Whatever you do, don’t call an Irishman “British” (the Republic of Ireland is not part of the U.K.). And don’t stop for the weather, i.e. rain. It’s either about to rain or will rain later in the day. Bring rain gear and enjoy. It’s all part of Ireland.

10 Things To Know When Traveling In Italy

Traveling to another country is always exciting! Not only do you get to taste the region’s food, have fun at their festivals and meet local people, but you also get to learn more about the culture. Cultures across Europe differ greatly, particularly from North America. Many countries speak their own language and foster their own traditions that date back centuries. This is especially true of the beautiful ancient country of Italy.

One of the most impressive cultural centers of Europe, Italy was the birthplace of the Renaissance and home to some of the world’s most loved food. Millions of people visit the country every year, exploring its wonderful cities, towns, and villages. So to prepare you, here’s ten things you should know before you go:

1. BE PREPARED TO SPEND TIME TALKING ABOUT AND EATING FOOD

Be prepared to spend time talking about and eating foodFood is in the make up of Italians. Not only do they love to cook and eat it, more than most people, they also love to talk about it. In Italy, it is certainly more about the quality of the food than it is about the quantity; they value flavor and home-cooked traditions. In Italy they make time to cook a meal and there is no excuse for not spending time enjoying it. Meals, even in the middle of the day, can last hours and include neighbors and friends for a truly special experience. Enjoy this magical foodie culture by eating with locals or in local restaurants.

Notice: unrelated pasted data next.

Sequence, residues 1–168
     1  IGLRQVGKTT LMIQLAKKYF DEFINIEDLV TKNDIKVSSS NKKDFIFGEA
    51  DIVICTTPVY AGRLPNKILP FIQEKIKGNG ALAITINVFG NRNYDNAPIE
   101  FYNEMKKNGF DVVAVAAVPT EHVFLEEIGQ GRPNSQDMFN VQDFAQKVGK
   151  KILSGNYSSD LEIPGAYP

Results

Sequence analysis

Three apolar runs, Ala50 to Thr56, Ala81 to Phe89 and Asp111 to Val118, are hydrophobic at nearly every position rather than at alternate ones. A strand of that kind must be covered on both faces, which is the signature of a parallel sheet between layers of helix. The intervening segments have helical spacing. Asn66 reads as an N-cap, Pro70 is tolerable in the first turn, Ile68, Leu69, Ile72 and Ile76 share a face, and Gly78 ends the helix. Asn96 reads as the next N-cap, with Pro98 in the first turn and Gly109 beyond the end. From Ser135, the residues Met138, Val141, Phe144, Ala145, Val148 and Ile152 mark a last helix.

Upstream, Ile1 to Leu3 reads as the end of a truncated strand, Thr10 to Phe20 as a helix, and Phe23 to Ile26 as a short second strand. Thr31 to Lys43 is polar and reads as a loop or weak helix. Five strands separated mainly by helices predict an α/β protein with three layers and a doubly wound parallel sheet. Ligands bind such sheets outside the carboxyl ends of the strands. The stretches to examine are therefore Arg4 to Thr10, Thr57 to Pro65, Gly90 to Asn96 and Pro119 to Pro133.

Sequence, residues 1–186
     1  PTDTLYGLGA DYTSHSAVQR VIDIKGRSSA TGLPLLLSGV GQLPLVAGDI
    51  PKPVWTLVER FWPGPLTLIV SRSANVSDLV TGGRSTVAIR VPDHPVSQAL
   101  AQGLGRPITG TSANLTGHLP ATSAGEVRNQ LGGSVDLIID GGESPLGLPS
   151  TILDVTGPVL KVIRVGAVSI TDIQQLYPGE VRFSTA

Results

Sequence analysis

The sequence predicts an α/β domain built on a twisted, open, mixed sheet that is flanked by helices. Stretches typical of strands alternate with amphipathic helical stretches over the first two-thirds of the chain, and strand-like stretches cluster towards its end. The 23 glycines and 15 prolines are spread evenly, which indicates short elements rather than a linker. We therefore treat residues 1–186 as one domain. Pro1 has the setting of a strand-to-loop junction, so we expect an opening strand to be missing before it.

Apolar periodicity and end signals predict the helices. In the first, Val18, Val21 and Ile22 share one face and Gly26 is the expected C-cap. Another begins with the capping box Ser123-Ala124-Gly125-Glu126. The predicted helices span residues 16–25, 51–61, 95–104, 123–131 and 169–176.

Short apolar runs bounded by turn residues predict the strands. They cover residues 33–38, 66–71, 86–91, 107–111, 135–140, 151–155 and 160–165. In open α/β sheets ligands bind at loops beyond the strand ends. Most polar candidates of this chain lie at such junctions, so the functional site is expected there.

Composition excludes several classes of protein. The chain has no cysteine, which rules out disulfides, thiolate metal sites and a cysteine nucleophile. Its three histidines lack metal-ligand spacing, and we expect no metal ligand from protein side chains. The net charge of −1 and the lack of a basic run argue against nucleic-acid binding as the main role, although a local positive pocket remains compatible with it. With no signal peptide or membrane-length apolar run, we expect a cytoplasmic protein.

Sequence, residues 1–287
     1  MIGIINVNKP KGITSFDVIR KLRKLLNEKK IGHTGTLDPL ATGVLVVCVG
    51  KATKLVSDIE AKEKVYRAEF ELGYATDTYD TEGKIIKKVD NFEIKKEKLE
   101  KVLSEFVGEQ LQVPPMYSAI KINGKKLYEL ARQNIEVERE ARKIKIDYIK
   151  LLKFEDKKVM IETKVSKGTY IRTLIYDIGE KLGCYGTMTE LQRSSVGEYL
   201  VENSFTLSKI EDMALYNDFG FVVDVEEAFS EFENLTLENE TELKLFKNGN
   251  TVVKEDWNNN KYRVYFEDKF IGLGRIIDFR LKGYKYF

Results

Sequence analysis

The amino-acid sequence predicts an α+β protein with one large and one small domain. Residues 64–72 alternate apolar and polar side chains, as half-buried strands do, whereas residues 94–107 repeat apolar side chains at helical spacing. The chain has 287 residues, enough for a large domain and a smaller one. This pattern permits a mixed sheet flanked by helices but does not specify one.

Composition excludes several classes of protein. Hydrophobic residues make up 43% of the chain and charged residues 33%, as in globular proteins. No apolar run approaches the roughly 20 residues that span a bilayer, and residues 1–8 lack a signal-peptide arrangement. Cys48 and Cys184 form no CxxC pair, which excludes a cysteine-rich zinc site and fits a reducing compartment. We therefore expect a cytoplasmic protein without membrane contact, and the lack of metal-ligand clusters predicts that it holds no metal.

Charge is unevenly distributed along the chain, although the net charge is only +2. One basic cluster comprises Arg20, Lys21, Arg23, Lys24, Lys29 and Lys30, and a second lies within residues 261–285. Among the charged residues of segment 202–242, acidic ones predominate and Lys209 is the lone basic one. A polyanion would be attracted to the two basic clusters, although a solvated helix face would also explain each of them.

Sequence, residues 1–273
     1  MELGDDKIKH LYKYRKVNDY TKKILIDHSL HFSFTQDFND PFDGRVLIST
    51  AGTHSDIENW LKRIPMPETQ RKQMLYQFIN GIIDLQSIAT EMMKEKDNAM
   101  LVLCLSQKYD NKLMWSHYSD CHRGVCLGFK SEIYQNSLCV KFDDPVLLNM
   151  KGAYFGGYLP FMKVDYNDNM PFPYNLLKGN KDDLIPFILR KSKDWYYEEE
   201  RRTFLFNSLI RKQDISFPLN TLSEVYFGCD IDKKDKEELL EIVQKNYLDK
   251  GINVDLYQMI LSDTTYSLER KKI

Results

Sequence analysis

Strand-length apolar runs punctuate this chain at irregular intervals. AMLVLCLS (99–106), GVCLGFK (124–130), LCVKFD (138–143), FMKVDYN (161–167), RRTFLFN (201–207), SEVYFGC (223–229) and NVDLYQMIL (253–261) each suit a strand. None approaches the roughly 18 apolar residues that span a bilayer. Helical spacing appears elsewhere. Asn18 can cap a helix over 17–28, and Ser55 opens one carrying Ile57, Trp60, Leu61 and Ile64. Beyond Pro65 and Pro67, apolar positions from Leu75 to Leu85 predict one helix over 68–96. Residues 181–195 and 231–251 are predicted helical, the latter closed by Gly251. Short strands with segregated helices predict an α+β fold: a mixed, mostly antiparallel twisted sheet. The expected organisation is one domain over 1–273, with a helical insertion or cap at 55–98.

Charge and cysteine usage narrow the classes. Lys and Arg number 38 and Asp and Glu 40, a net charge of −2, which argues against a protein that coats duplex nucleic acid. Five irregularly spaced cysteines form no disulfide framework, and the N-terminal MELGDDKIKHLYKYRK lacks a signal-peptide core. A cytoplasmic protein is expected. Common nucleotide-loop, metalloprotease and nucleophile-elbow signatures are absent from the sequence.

2. GET READY TO EXPRESS YOUR EMOTIONS

Visitors who can’t speak the language often think that Italians argue all the time. They always appear to be so expressive and loud. However, their gestures and actions are often not what you think. Most Italians love to talk about their emotions, and so the conversation is most likely a way of resolving an issue – talking it out – rather than arguing about it. Very therapeutic!

3. FOOD IS FRESH AND USUALLY LOCAL

Food is fresh and usually localMost large grocers and almost all of the local stores you will come across in Italy will sell mostly fresh, local produce. Not only will it be organic and high-quality, but it will also be affordable. While you can find some processed food, it is not common in the Italian diet in the way that it is in the U.S. Expect to find fresh fruit and vegetables that are in season alongside local butchers and bakeries.

4. EXPECT TO HEAR THE TRUTH

Italians prefer not to hide their feelings. In the same way that they prefer to talk about a problem they also prefer to express how they feel about people, good or bad, to their face. This is a great thing on some levels as it means they rarely talk about people behind their back. Bit it can also mean hearing the truth (even when you don’t want to). Most often visitors will hear that they should be eating more, especially the slim visitors!